bgtankHere is a marketing conundrum. How do you brand a $575,000 specialty vehicle, built on a Ford truck chassis, that is designed to look like a tank? If you answered “Name it after General George S. Patton” give yourself a 21-gun salute. But here’s the rub—in one of the most astute tactical moves of his storied military career, Patton died in the State in the California which, as we have seen before, is especially solicitous of the eternal publicity rights of anyone who ever died on its soil. In a lawsuit filed the federal court in Los Angeles, the heirs and assigns of “Old Blood & Guts” have brought this heavy artillery to bear on U.S. Specialty Vehicles.



Imagine for a moment that you earned a nickel every time that Marilyn Monroe’s “name, likeness, or persona” was exploited for commercial purposes.  Now imagine it was hundreds or thousands of dollars every time.   The California Legislature  tried very hard to gift wrap that bonanza for the beneficiaries of Monroe’s estate, primarily her acting coach Lee Strasberg’s widow, Anna.  In 2007, it passed a law which provided that the state’s statutory right of publicity — first created in 1985 — would be deemed to have existed at the time of death of any personality who died earlier, and was a property right that would pass to the residual beneficiaries of the personality’s estate even though it is not mentioned in the decedent’s will.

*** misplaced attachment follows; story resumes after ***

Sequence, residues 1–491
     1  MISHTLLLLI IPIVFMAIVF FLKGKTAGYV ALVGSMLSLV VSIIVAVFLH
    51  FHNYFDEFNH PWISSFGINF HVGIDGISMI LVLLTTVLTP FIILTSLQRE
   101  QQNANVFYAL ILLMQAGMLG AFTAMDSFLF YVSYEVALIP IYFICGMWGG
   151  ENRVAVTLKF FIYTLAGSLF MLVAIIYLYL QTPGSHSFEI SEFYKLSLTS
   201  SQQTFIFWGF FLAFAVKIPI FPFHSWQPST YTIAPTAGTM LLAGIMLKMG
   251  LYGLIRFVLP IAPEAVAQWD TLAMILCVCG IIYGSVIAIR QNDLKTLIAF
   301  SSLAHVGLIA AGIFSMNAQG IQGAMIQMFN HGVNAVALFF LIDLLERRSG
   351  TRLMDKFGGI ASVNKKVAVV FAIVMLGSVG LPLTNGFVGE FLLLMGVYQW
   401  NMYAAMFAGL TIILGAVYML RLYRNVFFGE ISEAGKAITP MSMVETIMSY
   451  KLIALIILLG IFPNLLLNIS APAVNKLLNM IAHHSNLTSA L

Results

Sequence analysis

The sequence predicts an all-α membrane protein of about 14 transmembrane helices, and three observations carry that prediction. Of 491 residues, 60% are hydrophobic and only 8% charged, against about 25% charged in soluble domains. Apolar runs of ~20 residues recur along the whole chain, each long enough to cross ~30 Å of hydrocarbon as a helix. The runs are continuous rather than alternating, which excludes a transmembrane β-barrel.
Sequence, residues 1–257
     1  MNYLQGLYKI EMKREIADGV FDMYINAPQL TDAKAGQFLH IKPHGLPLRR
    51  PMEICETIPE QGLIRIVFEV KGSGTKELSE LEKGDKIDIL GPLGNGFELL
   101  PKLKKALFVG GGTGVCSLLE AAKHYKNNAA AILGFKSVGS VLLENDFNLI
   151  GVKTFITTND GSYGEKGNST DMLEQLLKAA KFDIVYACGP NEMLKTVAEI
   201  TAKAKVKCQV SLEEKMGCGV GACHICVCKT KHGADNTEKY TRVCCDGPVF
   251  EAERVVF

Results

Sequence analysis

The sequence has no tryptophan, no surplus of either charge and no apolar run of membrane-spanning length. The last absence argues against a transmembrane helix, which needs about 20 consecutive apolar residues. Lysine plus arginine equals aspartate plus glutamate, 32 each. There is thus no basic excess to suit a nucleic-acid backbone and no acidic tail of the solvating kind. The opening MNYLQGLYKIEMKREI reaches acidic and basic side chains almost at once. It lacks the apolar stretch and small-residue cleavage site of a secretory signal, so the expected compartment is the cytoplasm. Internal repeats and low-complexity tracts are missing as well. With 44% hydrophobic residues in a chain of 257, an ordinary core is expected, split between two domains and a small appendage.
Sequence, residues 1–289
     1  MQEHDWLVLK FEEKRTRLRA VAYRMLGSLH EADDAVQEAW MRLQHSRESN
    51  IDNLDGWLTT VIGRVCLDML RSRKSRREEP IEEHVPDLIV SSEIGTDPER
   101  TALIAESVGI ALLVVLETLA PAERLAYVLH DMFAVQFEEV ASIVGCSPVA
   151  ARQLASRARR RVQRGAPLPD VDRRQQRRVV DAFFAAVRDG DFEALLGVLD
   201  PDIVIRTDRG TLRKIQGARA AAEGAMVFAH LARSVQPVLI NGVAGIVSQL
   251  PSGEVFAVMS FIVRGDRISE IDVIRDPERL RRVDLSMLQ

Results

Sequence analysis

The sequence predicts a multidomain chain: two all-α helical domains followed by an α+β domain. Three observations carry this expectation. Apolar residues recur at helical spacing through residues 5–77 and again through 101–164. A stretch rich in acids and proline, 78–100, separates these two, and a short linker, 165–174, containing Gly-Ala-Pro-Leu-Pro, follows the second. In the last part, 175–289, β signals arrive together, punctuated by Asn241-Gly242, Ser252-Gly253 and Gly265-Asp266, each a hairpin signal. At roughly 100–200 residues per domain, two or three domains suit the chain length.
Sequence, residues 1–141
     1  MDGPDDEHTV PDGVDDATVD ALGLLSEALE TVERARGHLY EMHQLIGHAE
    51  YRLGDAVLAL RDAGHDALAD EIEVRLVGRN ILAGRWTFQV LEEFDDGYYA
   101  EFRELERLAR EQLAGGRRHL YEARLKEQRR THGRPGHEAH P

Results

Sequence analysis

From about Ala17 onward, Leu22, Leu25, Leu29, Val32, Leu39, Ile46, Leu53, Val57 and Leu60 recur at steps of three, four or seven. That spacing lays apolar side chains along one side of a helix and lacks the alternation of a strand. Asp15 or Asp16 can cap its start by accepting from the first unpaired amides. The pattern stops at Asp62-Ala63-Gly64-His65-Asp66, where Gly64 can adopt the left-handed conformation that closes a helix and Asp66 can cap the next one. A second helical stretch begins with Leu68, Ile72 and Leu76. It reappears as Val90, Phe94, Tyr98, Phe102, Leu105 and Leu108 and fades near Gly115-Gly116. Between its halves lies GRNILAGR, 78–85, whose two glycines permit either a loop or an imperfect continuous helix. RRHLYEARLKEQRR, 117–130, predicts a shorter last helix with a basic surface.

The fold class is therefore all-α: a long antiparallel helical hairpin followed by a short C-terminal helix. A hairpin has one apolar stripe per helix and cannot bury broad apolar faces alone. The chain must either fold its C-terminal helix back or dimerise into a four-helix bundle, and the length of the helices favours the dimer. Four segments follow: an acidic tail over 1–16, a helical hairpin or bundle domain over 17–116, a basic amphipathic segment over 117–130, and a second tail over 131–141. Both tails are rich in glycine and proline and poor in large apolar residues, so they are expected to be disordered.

Monroe died in 1962, in a home that she owned in Brentwood, California.  But last week, in an opinion that infuses the legal doctrines of choice of law, privity, domicile, and judicial estoppel with all the glamour, mystique, and ineffable sorrow that keeps Marilyn Monroe among the ranks of Hollywood’s most bankable stars 50 years after her death, the U.S. Court of Appeals for the Ninth Circuit rejected Strasberg’s claims and left Monroe’s name, likeness, and persona in the public domain.   In its conclusion, the Court quoted Monroe’s own rueful assessment of her celebrity:  “I knew I belonged to the Public and to the world, not because I was talented or even beautiful but because I had never belonged to anything or anyone else.” However appropriate a coda to Monroe’s memoirs its ruling may be,  how did the Court arrive at a legal result so completely at odds with the professed intent of the California Legislature?  The answer is perhaps best summed-up in another, possibly apocryphal, Monroe aphorism quoted by the Court: “If you’re going to be two-faced, at least make one of them pretty.”


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